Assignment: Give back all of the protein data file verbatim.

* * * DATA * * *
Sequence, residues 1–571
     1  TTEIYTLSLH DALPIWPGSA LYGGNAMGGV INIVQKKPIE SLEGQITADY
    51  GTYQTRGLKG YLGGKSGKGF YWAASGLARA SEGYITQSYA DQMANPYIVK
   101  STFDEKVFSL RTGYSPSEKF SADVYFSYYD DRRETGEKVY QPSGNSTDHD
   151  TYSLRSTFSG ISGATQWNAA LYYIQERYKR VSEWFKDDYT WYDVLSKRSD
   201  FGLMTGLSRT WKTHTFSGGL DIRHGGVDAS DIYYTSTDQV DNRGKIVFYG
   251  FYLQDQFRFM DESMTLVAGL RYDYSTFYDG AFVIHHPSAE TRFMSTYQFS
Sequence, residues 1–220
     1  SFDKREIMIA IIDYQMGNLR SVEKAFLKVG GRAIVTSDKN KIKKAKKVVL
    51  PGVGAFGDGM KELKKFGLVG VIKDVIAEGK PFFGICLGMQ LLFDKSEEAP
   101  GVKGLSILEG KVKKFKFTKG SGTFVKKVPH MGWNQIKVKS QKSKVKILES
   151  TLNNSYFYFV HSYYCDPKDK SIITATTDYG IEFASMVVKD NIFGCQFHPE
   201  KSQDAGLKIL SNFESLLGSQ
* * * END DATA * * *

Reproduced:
Sequence, residues 1–571
     1  TTEIYTLSLH DALPIWPGSA LYGGNAMGGV INIVQKKPIE SLEGQITADY
    51  GTYQTRGLKG YLGGKSGKGF YWAASGLARA SEGYITQSYA DQMANPYIVK
   101  STFDEKVFSL RTGYSPSEKF SADVYFSYYD DRRETGEKVY QPSGNSTDHD
   151  TYSLRSTFSG ISGATQWNAA LYYIQERYKR VSEWFKDDYT WYDVLSKRSD
   201  FGLMTGLSRT WKTHTFSGGL DIRHGGVDAS DIYYTSTDQV DNRGKIVFYG
   251  FYLQDQFRFM DESMTLVAGL RYDYSTFYDG AFVIHHPSAE TRFMSTYQFS
Sequence, residues 1–220
     1  SFDKREIMIA IIDYQMGNLR SVEKAFLKVG GRAIVTSDKN KIKKAKKVVL
    51  PGVGAFGDGM KELKKFGLVG VIKDVIAEGK PFFGICLGMQ LLFDKSEEAP
   101  GVKGLSILEG KVKKFKFTKG SGTFVKKVPH MGWNQIKVKS QKSKVKILES
   151  TLNNSYFYFV HSYYCDPKDK SIITATTDYG IEFASMVVKD NIFGCQFHPE
   201  KSQDAGLKIL SNFESLLGSQ